The project’s origins take us to 2005: the moment Page Hodel encountered Madalene Rodriguez and fell “instantly, dizzyingly in love with her.” The couple’s first meeting was electric, and Page felt inspired to do something unique for the woman who captured her heart. So, she began leaving handmade hearts – made from flowers, leaves, and other materials – on Madalene’s doorstep.  The hearts became a ritual, and they were there to greet Madalene as she left for work every Monday.

“To start her week with a visual reminder of our beautiful love.” – Page Hodel

Just seven months later, Madalene was diagnosed with ovarian cancer and passed away on June 20th, 2006. But Page’s love for her hasn’t ceased, and she continues to make a heart for her every Monday in celebration of her life.

If you would like, you can also receive Page’s “Monday Hearts for Madalene” by emailing her at page.hodel@gmail.com with “subscribe” written as the subject. Images of the hearts can also be purchased on individual cards and in her beautifully compiled book, Monday Hearts for Madelene. Please also visit her website and Facebook  page. A portion of all sales will go to the Women’s Cancer Resource Center in Oakland, California (www.wcrc.org).

See more Monday Hearts for Madalene here.

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The Grief Beneath: Reflections Andrew Wyeth

The truth behind Andrew Wyeth's paintings speaks far more to death and loss than Americana
Andrew Wyeth, Christina's World,

“Christina’s World” (1948) by Andrew Wyeth
(credit: thefineartdiner.blogspot)

Andrew Wyeth (1917-2009) was the perfect target for both the dismissive, incensed judgment of art critics as well as the adoration of the larger public. His meticulous landscapes of Chadds Ford, Pennsylvania and Cushing, Maine captured the pristine, rural nature of the East Coast with great commercial success. At the age of twenty, he was, much like Rockwell, on his way to becoming the poster-child of Americana. Yet, many art critics wrote him off as a tired sentimentalist who put too much stock in cliché depictions of sprawling hayfields. Everyone else in the mid-century was gearing up for the abstract movement.

Andrew Wyeth, Andrew Wyeth pic

Andrew Wyeth.
(credit: TIME)

There is something inherently sentimental about Wyeth’s work. But what that sentimentality is intended to represent has been misunderstood by both those who loved and hated him for such rose-tinted patriotism. “Christina’s World” (1948), for example, is inextricably bound to a sense of American identity. But when you scrape the icing off the cake, in the case of “Christina’s World” and others, you’re left with much more universal themes of grief and loss.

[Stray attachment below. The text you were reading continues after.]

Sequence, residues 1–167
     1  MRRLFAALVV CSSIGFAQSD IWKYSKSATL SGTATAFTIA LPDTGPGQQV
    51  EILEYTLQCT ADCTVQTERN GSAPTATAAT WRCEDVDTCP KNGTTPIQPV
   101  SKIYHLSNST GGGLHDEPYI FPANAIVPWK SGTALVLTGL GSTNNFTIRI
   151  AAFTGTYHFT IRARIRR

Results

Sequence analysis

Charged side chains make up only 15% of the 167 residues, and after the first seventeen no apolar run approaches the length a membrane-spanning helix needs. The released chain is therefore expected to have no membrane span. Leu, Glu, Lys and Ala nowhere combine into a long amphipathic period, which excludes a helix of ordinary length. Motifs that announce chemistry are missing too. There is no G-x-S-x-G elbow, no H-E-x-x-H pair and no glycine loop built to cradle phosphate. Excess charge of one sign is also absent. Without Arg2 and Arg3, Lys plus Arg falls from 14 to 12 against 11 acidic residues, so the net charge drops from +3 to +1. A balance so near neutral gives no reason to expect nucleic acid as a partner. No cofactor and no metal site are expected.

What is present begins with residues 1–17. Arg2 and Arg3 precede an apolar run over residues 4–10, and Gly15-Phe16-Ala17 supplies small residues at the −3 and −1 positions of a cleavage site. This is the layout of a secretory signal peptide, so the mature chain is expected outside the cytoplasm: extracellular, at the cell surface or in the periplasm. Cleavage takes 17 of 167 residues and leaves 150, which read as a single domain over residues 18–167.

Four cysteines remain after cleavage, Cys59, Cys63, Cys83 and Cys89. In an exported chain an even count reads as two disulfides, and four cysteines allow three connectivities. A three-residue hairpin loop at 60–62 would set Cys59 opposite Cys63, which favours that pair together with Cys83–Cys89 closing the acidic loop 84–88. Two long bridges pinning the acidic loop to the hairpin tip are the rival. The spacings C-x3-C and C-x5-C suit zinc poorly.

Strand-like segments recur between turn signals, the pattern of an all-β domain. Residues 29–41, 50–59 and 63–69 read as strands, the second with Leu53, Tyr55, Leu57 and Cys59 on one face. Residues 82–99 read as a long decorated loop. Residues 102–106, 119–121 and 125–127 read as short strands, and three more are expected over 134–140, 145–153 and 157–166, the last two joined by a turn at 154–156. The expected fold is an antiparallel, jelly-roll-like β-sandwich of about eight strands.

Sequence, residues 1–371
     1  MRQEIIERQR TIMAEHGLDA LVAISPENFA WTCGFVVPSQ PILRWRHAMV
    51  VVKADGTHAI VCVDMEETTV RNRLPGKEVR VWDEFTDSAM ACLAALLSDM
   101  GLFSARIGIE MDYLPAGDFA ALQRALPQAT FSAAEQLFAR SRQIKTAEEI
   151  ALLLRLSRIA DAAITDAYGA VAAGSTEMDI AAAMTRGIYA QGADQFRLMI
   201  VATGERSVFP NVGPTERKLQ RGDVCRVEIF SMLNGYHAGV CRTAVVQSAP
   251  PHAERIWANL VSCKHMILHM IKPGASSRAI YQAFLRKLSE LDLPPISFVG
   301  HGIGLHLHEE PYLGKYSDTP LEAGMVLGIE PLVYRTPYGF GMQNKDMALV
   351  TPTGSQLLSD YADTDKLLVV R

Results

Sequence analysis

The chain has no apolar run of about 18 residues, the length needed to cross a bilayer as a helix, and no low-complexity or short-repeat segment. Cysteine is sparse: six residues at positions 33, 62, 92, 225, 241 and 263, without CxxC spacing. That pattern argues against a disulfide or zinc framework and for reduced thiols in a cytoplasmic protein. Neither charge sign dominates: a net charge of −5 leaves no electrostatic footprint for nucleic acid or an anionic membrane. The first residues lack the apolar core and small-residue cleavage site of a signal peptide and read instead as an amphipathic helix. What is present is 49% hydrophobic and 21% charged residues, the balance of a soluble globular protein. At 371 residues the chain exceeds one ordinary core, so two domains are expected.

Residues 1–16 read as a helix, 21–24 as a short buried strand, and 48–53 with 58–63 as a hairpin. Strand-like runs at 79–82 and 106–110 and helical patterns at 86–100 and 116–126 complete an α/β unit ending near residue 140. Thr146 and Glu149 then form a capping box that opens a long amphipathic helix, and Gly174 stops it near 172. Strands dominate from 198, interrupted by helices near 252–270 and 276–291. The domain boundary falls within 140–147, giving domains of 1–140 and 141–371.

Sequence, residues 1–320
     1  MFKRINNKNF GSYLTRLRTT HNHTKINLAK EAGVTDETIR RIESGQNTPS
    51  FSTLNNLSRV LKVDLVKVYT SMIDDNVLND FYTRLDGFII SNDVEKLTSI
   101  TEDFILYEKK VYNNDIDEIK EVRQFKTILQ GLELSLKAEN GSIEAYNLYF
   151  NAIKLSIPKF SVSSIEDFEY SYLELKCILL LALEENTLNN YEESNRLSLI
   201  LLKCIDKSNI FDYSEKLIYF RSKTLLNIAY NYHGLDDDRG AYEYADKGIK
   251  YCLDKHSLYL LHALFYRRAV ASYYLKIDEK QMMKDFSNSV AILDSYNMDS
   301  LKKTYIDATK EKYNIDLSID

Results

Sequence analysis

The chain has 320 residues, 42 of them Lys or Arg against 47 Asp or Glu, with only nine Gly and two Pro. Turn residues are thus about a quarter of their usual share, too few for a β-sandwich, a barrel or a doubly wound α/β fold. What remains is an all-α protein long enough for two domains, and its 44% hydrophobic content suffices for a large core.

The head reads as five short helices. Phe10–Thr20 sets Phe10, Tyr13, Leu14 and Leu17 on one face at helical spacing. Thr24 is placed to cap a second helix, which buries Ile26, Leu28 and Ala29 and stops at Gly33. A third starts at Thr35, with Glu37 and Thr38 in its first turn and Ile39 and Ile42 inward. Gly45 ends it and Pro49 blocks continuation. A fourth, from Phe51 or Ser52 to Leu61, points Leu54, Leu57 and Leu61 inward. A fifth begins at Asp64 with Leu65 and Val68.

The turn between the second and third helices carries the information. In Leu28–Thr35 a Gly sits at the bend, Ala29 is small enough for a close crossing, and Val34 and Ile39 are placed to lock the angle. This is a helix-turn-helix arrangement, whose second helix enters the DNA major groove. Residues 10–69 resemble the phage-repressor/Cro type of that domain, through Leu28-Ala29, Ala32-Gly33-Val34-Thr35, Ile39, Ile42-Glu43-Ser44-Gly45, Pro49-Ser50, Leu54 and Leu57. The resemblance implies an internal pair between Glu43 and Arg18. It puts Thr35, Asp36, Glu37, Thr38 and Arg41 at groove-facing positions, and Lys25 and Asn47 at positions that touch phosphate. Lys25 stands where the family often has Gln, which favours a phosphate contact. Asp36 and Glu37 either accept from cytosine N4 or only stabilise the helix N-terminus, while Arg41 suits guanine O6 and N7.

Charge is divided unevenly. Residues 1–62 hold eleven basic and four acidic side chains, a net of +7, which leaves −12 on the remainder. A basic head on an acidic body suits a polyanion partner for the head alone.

Winter, Winter Andrew Wyeth

“Winter” (1946)
(credit: meeg-toomuchinformation.blogspot.fr)

The woman in the foreground of “Christina’s World” was actually Wyeth’s neighbor, who could barely walk due to polio. The entire scene is made somber by her position in it: her body twists languidly, but uncomfortably. We’ve no way of seeing her expression. We only know that she’s far from the only other sign of vitality: a rather austere looking country house.

If one were to describe the painting as, “a still field with a farm house, with a girl in a light pink dress reclining in the distance,” the whole thing would seem peachy. Kitsch. But it’s Wyeth’s use of sepia tones that casts an unsettling mood. His use of egg tempera creates what I can only call the fuzzy-sweater effect: a painting of warm but subdued subjects. We feel the coming of fall or the end of a dry summer. Either way, we can’t miss the sense that some heartbreaking displacement or transition is quietly taking place.

Andrew Wyethm Andrew Wyeth family, Andrew Wyeth house

Andrew Wyeth with his son Nicholas and granddaughter Victoria at home in Maine in 1998.
(credit: boston.com)

“I get letters from people about my work. The thing that pleases me most is that my work touches their feelings. In fact, they don’t talk about the paintings. They end up telling me the story of their life or how their father died.”

—Andrew Wyeth

The most literal expression of grief in Wyeth’s work is his 1946 painting “Winter,” which depicts a lone boy running by the road of a barren hillside – the same road where Wyeth’s father died in a car crash. There’s a simultaneous sense of movement and paralyzation in the boy’s movement – exactly the sensation we feel when a loved one dies. The landscape shares the same color palette, the same grief, as its inhabitant. “I prefer winter and fall,” said Wyeth, “[it’s] when you feel the bone structure of the landscape—the loneliness of it, the dead feeling of winter. Something waits beneath it. The whole story doesn’t show.”